According to the WHO people who are inadvertently infected may turn out to be sick despite symptoms not propping up and in cases such as these they most likely may be considered carriers of the disease. Due to these conditions’ banks have adviced elderly customers to refrain from entering their branches as they are considered the most susceptible.
As the total number of cases inclined across the world physical banking will look less appealing for everyone, not just the most vulnerable populations.
Digital banking fueled through fear of Covid
Government organizations and banks are anticipating this shift towards the ‘digital approach’ whether it would be a success or not we’d find out in time to come.
The Federal Financial Institutions Examination Council of the U.S has ordered its banks to test their online systems’ capacity to handle an influx of digital banking demands. The agency called for “increased reliance on online banking, telephone banking, and call centre services” in addition to remote working.
Goldman Sachs, the famed investment bank and financial services company behind the ‘Apple Card’ have started off trading online from home, whereas, HSBC has implemented a Split-Site arrangement in Asia.
DBS Bank of Singapore gives insights into what branchless banking could seem like in reality. The bank was one of the first to resort to remote work when one of its employees was diagnosed with the virus. The bank subsequently was compelled to go into lockdown, which resulted in a robust digital banking system.
The bank has digitized 11 financing processes to reduce the need for in-person exchanges, is currently offering business accounts instant interbank fund transfers. The bank is also running webinars to train its staff on how to use digital tools.
In addition, SMEs can apply online for a short-term loan of up to S$50,000 to soften the blow of reduced sales and cash flow.
Despite the growing concerns ‘digital banking services’ are nothing new, particularly continental countries. Consumers seem to have grown a preference for online services but one thing that the ‘digital services’ component haven’t been able to address is digital outbreaks and disruptions, which customers still oddly enough encounter frequently.
A recent ‘Lightico’ survey records a customer complaint rate of 56% where they claim they were redirected from online banking interactions to physical locations. 48% who were slightly dissatisfied with the service say they’ve been asked to print, sign, and email papers while banking online.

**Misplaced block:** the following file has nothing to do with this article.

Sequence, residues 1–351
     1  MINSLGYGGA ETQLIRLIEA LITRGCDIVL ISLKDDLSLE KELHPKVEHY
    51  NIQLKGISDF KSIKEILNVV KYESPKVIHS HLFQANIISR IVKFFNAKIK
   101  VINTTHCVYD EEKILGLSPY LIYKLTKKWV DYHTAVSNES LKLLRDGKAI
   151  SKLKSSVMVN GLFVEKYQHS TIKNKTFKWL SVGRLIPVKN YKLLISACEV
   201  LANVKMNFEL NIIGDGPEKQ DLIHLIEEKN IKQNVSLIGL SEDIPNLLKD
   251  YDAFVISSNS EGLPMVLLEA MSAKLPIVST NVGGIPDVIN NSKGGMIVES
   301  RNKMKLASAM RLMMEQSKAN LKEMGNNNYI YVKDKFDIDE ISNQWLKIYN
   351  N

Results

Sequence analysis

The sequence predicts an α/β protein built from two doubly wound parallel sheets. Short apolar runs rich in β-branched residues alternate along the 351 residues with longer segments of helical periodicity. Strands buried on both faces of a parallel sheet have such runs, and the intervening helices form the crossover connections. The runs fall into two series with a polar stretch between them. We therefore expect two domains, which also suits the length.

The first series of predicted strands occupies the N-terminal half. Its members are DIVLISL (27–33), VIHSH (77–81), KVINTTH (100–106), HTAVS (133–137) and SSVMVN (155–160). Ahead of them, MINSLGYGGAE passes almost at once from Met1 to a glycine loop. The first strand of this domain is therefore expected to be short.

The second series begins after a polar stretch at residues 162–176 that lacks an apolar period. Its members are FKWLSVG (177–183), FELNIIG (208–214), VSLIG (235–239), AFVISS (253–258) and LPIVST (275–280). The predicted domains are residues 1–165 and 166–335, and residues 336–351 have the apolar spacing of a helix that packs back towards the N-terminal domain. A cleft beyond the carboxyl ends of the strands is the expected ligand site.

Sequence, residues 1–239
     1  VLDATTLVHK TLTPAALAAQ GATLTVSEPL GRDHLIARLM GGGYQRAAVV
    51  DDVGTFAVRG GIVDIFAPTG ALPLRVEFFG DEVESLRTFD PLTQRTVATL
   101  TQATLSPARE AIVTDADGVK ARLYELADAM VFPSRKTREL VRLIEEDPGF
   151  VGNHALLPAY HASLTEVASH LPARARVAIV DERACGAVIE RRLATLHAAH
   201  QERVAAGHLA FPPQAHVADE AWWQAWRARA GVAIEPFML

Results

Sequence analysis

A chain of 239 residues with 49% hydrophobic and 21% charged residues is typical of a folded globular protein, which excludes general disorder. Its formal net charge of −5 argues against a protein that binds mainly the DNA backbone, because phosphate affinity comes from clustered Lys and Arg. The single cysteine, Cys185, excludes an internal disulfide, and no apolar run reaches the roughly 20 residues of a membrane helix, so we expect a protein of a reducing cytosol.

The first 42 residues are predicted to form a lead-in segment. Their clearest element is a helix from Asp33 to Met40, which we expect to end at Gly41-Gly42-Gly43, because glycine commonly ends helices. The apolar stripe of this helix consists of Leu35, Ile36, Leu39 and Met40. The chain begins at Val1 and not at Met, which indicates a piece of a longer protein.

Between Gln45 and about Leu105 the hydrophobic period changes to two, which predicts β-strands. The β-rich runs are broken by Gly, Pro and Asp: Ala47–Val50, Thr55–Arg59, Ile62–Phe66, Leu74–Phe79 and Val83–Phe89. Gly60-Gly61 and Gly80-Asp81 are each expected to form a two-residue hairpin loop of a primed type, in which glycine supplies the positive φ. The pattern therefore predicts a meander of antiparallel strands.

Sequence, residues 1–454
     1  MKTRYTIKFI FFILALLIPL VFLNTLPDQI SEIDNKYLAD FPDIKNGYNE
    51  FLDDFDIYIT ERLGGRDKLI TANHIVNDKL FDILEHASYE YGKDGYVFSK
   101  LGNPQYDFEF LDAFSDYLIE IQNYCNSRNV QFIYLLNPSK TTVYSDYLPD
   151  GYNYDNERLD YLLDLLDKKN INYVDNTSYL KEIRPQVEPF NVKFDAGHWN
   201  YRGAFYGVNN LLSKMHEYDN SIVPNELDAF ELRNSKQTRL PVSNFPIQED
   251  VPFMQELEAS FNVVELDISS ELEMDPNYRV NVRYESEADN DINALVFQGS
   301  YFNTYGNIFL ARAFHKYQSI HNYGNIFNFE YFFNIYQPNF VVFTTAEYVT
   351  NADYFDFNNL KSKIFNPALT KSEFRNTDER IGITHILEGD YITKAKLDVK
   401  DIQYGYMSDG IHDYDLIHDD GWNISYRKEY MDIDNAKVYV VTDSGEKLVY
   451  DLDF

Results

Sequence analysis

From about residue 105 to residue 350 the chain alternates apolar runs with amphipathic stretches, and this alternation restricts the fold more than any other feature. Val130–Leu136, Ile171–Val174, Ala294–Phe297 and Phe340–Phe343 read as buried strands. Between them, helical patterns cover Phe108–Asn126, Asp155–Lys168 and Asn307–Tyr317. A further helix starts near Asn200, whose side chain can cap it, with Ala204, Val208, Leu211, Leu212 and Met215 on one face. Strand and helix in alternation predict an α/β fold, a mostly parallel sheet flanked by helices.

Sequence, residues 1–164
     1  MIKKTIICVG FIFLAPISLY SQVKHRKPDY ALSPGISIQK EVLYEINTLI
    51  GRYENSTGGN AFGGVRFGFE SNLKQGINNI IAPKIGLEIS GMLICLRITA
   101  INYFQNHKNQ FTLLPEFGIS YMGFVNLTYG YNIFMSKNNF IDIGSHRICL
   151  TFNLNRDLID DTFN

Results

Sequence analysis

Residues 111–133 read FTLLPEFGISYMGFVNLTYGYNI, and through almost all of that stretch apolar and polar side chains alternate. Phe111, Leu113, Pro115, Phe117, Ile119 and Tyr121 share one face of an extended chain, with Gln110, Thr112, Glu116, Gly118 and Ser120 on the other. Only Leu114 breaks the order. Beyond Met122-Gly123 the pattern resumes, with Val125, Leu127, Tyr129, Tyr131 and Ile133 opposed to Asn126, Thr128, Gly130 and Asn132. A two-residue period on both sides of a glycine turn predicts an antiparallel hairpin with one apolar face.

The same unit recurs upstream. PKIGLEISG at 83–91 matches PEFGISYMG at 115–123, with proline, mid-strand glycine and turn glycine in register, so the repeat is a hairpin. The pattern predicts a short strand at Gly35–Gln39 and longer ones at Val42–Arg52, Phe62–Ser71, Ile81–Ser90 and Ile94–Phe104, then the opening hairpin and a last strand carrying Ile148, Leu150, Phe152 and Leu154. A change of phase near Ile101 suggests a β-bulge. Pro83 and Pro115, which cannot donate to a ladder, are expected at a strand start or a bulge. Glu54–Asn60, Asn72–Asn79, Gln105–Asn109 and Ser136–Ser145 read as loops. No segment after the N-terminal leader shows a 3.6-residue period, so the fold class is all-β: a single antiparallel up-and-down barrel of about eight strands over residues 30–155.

Digital giants such as Amazon, eBay and Netflix have primed consumers to complete all online interactions in all areas of their life, including banking. The Coronavirus has just served to intensify people’s desire for digital services, turning it into a matter of urgency.
Alleviate banking customers’ fears with digital-only transactions
What we need to realize is that banks are a business and they as any other business organization are committed to preserving their profit margins, continuing business as usual. Reassuring anxious customers would benefit them significantly from using a digital front-end platform.
Lightico’s solution for banking enables bank agents to easily send clients a text message link, allowing them to complete forms, submit documents, upload ID, and sign via eSignature entirely through their mobile device.
While at the same time bank agents should provide real-time guidance by phone, helping customers accurately complete the entire process.
A potential stress-inducing visit to the bank may soon seem a thing of the past with the technology and service improving.
Even after the Coronavirus passes, digital solutions for banks will have enduring relevance. The growing popularity of neobanks and fintechs are a testament to that. Traditional banks that choose to learn and take lessons from digital financial institutions will find themselves more prepared to compete with challenger banks both during the Coronavirus pandemic and long after it’s over.
Subscribe today to get exclusive content across the globe and exciting offers from our sponsors.